14 MINUTE READ
from Luke’s Journal 2020 | Breath of Life | Vol.25 No.2
In order to gain a better understanding of the effects of mental health on a medical professional, Dr Jill Benson (from Doctor’s Health SA) and Joel Derham (from SAMET) had a Question and Answer session with Dr Lisa Koo. Lisa was born and raised in Adelaide. Her father and eldest sister are also doctors. She graduated from Flinders University in 1997, followed by internship and then GP training. She went back to the Clare Valley in 2005 and has worked in private practice at the Clare Medical Centre as a rural GP. She sees nursing home patients. She also works at the local hospital doing emergency, anaesthetics, and looks after inpatients in the disciplines of general medicine, surgery, paediatrics, psychiatry and palliative care.
What were the main challenges that you faced during your early years in medical training?
I enjoyed university, but had supplementary exams in my first four years. When I commenced internship, I was not fully prepared. I possibly was dysthymic as an intern, but because I struggled in my studies through high school and university, I did not feel that much different.
What were some of the contributing factors or challenges you faced with your health? What did you find helpful?
As a RMO: I dated my first boyfriend at the age of 24. Six months afterwards we broke up, I was crying a lot and was pining for the past. My registrar at the time, Kelton Tremellen, and another senior registrar, Anna Bof, realised that I was depressed. Kelton took me aside one day and said, “Lisa, you’re not your usual self.” I appreciated his concern and the suggestion that I get help. I saw a GP that I knew through my Christian doctor circles (Christian Medical and Dental Fellowship of Australia). I had a break from work for seven weeks. It was a very ‘black’ period, but by the end I felt so good, and so spiritually alive. It was a definitive time for me.
19 years later: March 2019. The day I decided to get help was a day that I was on call. I was managing a STEMI and instructing the nurses, phoning Medstar and arranging ambulance transport. In the meantime, other patients were arriving and waiting to be seen. Whilst the nurses thought I handled this well, anxious thoughts were distracting me whilst I was multitasking and I realised I wasn’t coping. In hindsight, I had been anxious for the past 12 months or so. I was mildly anxious for several days leading up to being on call and doing certain anaesthetic lists. My anxiety worsened so that I no longer needed those triggers, and I was waking up feeling faintly negative every day, including my days and weekends off.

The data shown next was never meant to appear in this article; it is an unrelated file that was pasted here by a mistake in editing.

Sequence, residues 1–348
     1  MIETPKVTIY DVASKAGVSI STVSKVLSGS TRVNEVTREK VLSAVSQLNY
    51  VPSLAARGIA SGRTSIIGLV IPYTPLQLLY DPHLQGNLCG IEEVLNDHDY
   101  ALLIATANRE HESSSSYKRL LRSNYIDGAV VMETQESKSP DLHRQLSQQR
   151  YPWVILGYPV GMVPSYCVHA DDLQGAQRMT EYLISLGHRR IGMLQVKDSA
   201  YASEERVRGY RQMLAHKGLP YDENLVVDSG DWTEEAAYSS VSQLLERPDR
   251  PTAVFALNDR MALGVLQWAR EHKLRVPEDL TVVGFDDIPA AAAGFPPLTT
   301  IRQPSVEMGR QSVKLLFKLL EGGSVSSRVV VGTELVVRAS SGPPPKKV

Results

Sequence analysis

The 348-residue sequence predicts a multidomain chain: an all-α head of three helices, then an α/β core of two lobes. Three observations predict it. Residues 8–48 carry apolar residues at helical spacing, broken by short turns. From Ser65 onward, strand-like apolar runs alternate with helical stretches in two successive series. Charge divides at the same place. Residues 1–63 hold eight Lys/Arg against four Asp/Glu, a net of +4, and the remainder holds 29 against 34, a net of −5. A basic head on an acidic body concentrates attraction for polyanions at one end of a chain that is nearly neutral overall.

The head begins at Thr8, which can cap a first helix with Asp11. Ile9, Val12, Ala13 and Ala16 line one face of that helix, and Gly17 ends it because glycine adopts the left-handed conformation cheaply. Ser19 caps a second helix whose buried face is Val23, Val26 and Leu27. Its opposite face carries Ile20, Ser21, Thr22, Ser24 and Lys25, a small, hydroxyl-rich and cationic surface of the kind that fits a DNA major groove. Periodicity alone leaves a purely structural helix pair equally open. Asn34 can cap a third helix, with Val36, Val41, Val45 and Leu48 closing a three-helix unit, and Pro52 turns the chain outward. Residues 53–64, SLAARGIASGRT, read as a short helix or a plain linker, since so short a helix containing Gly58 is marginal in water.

I was suffering from compassion fatigue and burnout. I thought everyone got more tired and world-weary as they aged! I also thought I was not being ‘spiritual’ enough, so once I ‘fixed’ this I’d be better.
Was there something else that people could have done that would have been helpful?
Years later, a GP friend mentioned that she thought I had been depressed in internship. She did not let on at the time, but to me it didn’t matter, because she was very supportive in a responsible, sisterly sort of mentor way!
I guess she could have said “I think you’re depressed and maybe you need to see a GP”, but she knew I had a good supportive network of friends, and I was still functioning. If I had seen her as a patient the outcome may have been different. Personally, I am not good at diagnosing mental illnesses in friends, because I view our conversations as debriefs with each other, rather than diagnosing them with an illness. My friends are not my patients – I am there because I am listening and responding to them as a friend. But if I have a patient in front of me, I’m making an assessment about what mental illness they may have, and asking pertinent questions to establish a diagnosis. Unless you are asking those specific questions, or picking up on subtle signs, you can miss that someone is unwell.
We all get stressed, especially with time management, or being on call. How do others recognise the difference between ‘normal’ stress (being grumpy), and a mental illness? Often we can’t. It was really up to me to ask for help, as I must have looked my normal self to the hospital nurses, and the staff at the Clare Medical Centre, where I’ve worked for 14 years. I did my own DASS 21 that day – I scored moderate anxiety (I thought I was mild), and surprisingly – but not so surprisingly on second thought – mild depression.
It was only after I started to improve that I realised why I had been internally resentful, and grumpy at home. When I apologised to my husband for my past behaviour, he said, “I hadn’t noticed a difference.”
You can put on a really good face (very few of my patients show a flat affect), and if you’re not asking deep questions, you can miss it. I think that’s why people don’t always recognise suicidal people. You can convince yourself that you’re fine. You can also give yourself many reasons not to tell others – maybe from catastrophizing or minimizing your feelings, or from being critical of yourself, or from assuming you can fix it yourself. Anxiety and depression exacerbates these ‘unhelpful thinking styles’.